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Tuesday 25th October 2016

Global campaign to wipe out malaria

15th October 2008

Genetic breakthroughs and a global campaign are energising efforts to eradicate one of the world’s gravest diseases.


The world finally seems to be getting serious about its attempts to eliminate malaria. A number of businesses, charities, celebrities and big aid donors have started to act on a strategy for malaria.

It coincides with the announcement of two breakthroughs in understanding the genetics of the parasites that spread a disease which affects half a billion people across the world every year.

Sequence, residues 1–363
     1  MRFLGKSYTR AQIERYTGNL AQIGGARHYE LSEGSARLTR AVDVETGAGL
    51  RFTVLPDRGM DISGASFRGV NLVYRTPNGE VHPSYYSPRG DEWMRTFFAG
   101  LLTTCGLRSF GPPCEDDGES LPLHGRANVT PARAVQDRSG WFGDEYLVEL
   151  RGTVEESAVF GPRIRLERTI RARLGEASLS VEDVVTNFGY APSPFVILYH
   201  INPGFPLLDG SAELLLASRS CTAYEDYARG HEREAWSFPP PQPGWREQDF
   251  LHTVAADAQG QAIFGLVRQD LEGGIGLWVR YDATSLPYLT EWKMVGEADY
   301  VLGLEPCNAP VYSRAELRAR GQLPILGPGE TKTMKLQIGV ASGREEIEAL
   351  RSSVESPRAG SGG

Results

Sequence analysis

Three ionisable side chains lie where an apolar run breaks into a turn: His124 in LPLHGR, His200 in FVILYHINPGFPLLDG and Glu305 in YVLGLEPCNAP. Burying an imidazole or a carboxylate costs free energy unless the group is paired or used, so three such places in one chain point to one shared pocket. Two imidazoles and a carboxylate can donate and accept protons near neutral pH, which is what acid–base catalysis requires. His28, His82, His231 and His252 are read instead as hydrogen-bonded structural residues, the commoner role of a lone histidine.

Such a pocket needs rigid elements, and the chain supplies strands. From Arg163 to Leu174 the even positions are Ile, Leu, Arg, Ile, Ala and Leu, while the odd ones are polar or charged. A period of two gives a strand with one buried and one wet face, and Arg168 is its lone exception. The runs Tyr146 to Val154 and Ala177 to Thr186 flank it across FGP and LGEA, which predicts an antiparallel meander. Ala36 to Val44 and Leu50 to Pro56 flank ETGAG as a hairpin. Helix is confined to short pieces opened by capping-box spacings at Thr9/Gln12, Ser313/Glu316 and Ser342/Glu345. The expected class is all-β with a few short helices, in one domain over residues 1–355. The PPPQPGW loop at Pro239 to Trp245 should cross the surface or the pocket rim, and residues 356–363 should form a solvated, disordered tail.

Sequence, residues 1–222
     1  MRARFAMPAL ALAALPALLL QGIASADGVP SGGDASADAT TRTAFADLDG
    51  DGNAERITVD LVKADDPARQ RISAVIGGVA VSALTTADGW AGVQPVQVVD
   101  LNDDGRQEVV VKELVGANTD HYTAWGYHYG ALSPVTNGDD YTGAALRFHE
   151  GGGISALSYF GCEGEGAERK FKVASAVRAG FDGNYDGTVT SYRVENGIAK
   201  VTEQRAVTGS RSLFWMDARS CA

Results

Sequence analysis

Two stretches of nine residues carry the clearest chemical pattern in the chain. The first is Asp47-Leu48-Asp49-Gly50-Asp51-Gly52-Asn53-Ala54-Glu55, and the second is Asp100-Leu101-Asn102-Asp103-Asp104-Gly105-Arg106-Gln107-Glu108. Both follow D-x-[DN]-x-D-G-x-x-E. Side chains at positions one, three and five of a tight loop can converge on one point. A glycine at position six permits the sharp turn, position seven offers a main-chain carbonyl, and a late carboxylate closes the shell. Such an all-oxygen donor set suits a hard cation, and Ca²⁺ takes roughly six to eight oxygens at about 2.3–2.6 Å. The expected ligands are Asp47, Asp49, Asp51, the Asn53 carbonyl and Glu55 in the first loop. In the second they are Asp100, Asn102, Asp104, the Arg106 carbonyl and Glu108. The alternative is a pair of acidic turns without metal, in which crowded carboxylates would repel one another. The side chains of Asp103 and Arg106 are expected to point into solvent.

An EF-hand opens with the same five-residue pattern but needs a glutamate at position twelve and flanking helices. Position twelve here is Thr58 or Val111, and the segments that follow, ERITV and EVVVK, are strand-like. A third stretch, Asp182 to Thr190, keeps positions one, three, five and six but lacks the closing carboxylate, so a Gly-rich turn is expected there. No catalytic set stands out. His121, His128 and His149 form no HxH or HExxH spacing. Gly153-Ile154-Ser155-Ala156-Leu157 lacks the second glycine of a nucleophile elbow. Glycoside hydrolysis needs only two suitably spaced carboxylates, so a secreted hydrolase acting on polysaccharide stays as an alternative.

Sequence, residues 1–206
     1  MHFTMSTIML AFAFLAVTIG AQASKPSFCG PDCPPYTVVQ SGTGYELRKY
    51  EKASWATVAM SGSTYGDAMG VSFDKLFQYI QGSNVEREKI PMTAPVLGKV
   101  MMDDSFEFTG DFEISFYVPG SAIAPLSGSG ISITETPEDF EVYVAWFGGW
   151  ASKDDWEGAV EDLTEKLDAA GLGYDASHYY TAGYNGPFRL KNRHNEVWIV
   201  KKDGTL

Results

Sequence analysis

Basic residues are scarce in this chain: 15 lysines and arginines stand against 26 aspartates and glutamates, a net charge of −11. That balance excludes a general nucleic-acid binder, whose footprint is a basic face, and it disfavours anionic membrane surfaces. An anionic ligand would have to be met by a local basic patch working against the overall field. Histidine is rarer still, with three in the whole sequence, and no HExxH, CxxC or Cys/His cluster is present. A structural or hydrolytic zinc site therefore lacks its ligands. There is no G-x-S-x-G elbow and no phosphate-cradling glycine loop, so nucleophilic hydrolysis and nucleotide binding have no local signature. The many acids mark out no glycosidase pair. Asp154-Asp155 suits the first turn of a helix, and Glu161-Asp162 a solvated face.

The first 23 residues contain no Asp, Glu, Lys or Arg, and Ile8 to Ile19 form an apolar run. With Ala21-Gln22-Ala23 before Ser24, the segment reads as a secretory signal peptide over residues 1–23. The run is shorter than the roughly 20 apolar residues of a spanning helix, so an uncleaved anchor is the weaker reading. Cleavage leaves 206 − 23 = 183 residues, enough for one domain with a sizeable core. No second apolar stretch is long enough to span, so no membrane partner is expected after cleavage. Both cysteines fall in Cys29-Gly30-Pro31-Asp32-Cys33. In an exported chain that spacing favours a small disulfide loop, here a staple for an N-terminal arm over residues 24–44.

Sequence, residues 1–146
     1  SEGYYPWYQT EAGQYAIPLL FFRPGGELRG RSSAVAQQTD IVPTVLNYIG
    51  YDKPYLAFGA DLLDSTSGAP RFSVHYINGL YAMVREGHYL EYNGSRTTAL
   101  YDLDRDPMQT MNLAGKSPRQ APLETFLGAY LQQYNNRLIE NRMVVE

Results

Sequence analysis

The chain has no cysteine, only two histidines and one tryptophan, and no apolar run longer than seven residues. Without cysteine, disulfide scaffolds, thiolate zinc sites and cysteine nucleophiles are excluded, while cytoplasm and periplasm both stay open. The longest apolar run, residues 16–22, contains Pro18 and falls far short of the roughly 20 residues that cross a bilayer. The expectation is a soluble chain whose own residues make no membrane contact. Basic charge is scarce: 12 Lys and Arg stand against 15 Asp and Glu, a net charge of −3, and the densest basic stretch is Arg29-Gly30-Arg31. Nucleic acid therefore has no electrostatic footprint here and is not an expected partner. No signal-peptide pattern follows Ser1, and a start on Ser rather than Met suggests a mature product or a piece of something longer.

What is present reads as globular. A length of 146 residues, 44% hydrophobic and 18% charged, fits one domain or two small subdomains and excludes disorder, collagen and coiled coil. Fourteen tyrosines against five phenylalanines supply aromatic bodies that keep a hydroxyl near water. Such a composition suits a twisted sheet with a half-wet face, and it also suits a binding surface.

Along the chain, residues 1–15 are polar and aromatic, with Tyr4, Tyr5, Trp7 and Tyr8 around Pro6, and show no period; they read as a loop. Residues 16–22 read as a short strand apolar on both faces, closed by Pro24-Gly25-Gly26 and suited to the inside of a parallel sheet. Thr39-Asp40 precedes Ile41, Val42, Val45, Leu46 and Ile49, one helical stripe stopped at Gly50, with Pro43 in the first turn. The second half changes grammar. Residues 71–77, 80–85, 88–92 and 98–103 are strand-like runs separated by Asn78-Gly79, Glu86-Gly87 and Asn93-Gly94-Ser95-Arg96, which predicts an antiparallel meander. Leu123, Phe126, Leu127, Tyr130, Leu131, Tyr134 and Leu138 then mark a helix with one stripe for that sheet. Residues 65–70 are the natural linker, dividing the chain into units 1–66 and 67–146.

The Global Malaria Action Plan – backed by the United Nations – has a series of targets to meet by 2015 which include reducing deaths to zero, cutting cases by 75% from the 2000 level and ultimately seeing the eradication of the disease.

With $3 billion pledged towards the effort, there is hope.

The use of artemisinin-based drugs and pesticides inside buildings is helping in some African states, along with insecticide-impregnated nets to stop mosquitoes biting people while they sleep.

There is still no vaccine, though two recent papers in Nature report advances that may help develop drugs.

One breakthrough has seen the successful sequencing of the genome of Plasmodium vivax and follows the similar development in 2002 for the genome Plasmodium falciparum.

But it has also been revealed that some instances of human malaria in south-east Asia may be attributed to the genome of Plasmodium knowlesi – a genome that may affect the immune system.

This development may make malaria even harder to wipe out and that search for a vaccine "could still prove tortuous".


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